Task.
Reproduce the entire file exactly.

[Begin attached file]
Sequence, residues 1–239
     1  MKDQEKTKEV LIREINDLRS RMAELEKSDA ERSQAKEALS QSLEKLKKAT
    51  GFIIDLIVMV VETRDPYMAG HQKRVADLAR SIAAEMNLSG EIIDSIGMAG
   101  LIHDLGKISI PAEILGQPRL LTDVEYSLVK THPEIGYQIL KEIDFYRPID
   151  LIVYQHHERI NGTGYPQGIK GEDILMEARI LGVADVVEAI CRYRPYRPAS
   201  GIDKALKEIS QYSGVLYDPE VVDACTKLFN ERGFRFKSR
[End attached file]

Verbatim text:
Sequence, residues 1–239
     1  MKDQEKTKEV LIREINDLRS RMAELEKSDA ERSQAKEALS QSLEKLKKAT
    51  GFIIDLIVMV VETRDPYMAG HQKRVADLAR SIAAEMNLSG EIIDSIGMAG
   101  LIHDLGKISI PAEILGQPRL LTDVEYSLVK THPEIGYQIL KEIDFYRPID
   151  LIVYQHHERI NGTGYPQGIK GEDILMEARI LGVADVVEAI CRYRPYRPAS
   201  GIDKALKEIS QYSGVLYDPE VVDACTKLFN ERGFRFKSR